PUNXSUTAWNEY â€” There will be no elementary school closings for the next school year, as the Punxsutawney Area School Board has decided end the discussion in regards to the next school year.
"As of tonight's meeting, the idea to close any elementary schools is completely off the table," said Dr. Keith Wolfe, Punxsutawney Area School District superintendent at Wednesday's school board committee meeting.
Bob Pascuzzo, board member, said some day, the district will have to add on an elementary school in town.
Pascuzzo said he was driving by and realized that the Army Reserve building on Center Street is vacant, and perhaps it could be used to expand West End Elementary School.
Wolfe said he had already checked on the availability of that building.
"There's another Army Reserve unit that might be coming in to make use of that building," Wolfe said.
Gary Conrad, school board president, said he called Congressman Glenn Thompson's office, and it informed him that the building will not remain vacant.
Thompson's office checked into it, and there's another unit ready to move here, which will be larger than the one that left, Conrad said, adding that if the building ever does become available the district is number one on the list.
Francis J. Molinaro, board vice president, said at this time, the board should forget the idea of closing any elementary schools.
"We are spinning our wheels, and I think you (Wolfe) did a lot of work, but I believe everything should stay the way that it is," Molinaro said, adding that he would not vote to close any elementary schools at this time.
Wolfe said at the last school board meeting that some of the ideas regarding some changes are not detrimental to education.
"Whether it's moving seventh grade to the high school or moving third grade to the middle school, it would not be detrimental to education," Wolfe said, adding that there's a lot of debate about class size.
"There's a lot of research out there about the smaller the class, the better students do academically," he said. "But there's also research that says it doesn't make a bit of difference."
"My personal feeling is you can put a great teacher in a classroom with a lot of students and they will excel," he said. "You can put a mediocre teacher in a small class and they won't excel."
Wolfe said the board has to look at more than just the numbers.
He said there are students with many needs out there.
"They have speech delays, reading delays, language delays and physical handicaps," Wolfe said, adding that all of those students are in the regular grade classrooms.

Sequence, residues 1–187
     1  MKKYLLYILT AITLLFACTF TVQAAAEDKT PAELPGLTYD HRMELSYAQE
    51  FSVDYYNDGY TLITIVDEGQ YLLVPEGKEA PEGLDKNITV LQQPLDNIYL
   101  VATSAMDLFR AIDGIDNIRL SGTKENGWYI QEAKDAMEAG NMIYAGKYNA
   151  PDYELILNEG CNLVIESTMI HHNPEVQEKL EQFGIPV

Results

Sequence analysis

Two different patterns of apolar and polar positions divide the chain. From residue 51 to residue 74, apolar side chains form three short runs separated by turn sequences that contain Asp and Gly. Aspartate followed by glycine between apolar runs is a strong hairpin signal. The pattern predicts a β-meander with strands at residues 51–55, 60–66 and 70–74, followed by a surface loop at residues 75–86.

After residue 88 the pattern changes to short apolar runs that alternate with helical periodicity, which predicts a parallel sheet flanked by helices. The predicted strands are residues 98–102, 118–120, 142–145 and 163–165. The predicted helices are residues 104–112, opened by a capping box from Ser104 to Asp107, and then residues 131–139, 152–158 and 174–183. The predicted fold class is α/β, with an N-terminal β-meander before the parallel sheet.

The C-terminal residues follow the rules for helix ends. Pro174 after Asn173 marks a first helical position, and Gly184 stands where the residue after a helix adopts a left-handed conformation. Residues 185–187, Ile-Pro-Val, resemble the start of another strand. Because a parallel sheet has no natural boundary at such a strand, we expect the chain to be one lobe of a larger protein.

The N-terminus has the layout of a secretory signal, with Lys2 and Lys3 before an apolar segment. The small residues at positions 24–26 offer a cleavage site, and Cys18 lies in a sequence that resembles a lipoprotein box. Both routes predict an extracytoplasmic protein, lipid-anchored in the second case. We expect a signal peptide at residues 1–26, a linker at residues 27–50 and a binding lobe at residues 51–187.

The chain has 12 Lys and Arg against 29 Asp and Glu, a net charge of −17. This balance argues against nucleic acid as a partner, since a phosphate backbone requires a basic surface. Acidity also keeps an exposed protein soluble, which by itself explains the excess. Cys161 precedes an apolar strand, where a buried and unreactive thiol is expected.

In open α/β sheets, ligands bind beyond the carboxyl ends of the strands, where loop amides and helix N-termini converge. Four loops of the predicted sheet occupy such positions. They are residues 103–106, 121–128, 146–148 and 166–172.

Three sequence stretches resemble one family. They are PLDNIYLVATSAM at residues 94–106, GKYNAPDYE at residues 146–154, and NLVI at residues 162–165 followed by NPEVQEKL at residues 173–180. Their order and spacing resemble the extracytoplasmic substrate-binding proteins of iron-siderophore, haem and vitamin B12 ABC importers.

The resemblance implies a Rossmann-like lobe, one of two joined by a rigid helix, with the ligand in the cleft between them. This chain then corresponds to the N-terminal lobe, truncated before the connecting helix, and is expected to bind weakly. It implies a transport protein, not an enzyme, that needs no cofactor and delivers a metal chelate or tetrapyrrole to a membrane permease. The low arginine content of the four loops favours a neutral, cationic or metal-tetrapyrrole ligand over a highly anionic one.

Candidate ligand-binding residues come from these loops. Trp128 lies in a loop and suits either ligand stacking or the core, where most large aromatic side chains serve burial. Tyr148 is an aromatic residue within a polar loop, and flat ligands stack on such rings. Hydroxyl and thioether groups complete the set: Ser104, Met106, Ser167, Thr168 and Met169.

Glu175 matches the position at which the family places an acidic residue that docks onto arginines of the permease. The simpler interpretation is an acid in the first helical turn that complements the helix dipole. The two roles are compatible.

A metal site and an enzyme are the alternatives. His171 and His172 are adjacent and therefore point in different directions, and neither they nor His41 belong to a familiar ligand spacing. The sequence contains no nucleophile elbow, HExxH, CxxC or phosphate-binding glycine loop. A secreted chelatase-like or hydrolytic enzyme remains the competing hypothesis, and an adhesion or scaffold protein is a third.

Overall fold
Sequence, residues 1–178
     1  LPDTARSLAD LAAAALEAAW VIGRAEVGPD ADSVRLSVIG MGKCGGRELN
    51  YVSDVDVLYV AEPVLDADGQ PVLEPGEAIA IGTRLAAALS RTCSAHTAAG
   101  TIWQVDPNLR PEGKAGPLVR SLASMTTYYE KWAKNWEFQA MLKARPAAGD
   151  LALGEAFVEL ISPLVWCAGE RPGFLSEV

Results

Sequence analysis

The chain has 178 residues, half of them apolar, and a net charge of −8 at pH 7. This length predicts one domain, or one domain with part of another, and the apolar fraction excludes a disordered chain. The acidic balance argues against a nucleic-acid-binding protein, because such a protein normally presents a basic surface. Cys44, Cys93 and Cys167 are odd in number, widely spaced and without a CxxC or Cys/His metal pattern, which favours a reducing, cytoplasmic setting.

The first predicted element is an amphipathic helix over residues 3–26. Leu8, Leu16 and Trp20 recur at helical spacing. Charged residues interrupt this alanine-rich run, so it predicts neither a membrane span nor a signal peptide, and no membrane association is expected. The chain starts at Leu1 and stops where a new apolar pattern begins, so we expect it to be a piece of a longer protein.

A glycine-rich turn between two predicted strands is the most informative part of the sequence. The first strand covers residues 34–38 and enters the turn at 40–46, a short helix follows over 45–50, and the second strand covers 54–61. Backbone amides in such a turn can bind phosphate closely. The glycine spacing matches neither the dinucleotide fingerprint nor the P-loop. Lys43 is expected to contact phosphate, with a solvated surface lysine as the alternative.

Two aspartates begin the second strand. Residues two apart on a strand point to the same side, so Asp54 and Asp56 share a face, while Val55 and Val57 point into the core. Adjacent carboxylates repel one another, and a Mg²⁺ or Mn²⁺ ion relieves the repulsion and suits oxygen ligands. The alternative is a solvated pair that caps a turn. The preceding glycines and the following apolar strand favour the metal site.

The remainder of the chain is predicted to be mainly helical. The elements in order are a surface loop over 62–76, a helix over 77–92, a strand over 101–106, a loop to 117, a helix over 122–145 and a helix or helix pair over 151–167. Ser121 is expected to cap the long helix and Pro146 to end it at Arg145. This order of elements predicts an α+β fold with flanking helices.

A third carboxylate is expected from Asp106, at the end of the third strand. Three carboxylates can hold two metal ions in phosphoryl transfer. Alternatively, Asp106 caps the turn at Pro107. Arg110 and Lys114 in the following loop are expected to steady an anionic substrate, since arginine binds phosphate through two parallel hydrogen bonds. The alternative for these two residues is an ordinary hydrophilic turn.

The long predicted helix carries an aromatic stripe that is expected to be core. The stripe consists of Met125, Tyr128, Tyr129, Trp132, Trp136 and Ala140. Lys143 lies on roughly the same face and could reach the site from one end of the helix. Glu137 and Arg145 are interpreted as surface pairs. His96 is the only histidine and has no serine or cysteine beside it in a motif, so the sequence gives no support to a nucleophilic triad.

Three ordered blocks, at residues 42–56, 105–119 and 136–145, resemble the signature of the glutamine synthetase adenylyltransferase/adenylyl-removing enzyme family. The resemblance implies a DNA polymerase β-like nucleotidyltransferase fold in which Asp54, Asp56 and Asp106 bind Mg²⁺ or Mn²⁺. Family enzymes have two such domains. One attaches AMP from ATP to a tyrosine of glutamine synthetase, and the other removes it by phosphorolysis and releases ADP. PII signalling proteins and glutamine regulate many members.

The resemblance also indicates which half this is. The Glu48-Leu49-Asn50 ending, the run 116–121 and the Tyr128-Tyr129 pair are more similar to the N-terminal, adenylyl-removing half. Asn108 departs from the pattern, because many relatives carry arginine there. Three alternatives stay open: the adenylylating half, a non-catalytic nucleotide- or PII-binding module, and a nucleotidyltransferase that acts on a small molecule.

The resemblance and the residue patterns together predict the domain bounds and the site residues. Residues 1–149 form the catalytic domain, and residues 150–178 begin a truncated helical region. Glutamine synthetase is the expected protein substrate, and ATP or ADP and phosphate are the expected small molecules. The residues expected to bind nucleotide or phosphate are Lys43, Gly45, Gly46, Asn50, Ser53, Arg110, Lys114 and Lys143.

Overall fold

"Gone are the days when special needs students went off to one room, and everyone else went to their regular classrooms.
"That's not the case, and quite honestly as a parent of one of those children, I wouldn't want my child isolated either. I think we need to explore the needs of the students that we have in our classes," he said.
Wolfe said if the district were to close one of its elementary buildings, that would necessitate larger classes in the remaining buildings.
"It's not necessarily just based on the numbers, but the needs of the students," he said. "And that is what I believe is detrimental at the current time with the students we have and the numbers we have.
"So, it's my recommendation at the time that we don't close an elementary building," Wolfe said.
Wolfe said the number one impacter is the quality of the teacher in the classroom.
"It doesn't matter how many kids are in there; it doesn't matter what the curriculum is; it matters the quality of teacher that you have in there," Wolfe said.
Molinaro said everyone should remember one thing: "Teachers teach the kids; unions don't teach them."
Conrad said school closings have been removed from the table.
Jack White, board member, asked again as to why not move seventh grade to the high school.
Wolfe said there are districts that have 7-12 high school buildings.
"It becomes a secondary building, and I came from one in Brookville," he said. "There's are a lot of them around here, especially in an area like this."
White said in the middle school, there are two different time schedules operating.
Wolfe said it is something the district had to deal with, and it's certainly not ideal.
"The sixth graders, because of the different time schedule, have 990 hours of instruction when they are only required to have 900 hours," he said. "It creates a host of other problems, and if you moved the seventh grade to the high school, it would leave a lot of empty space in this building (middle school)."
He said that would open it up to move the third grade to the middle school.
"Then you have elementary buildings that have less kids in them, and if you do close one, you are creating larger K-2s," Wolfe said.
"I want to make it clear to everyone that as of this time the board will not close any elementary schools for the coming year," Wolfe said.
In other business:
â€˘ The school board welcomed the 2012 high school board representatives.
Dave London, high school principal, said Rachel Spack, the daughter of Joe and Paula Spack is the 10th-grade representative; Laura Chelgren the daughter of Tom and Nancy Chelgren is the 11th-grade representative; and Renee Belisky is the 12th-grade representative, the daughter of Trisha and Rick Smith and Harry Belisky.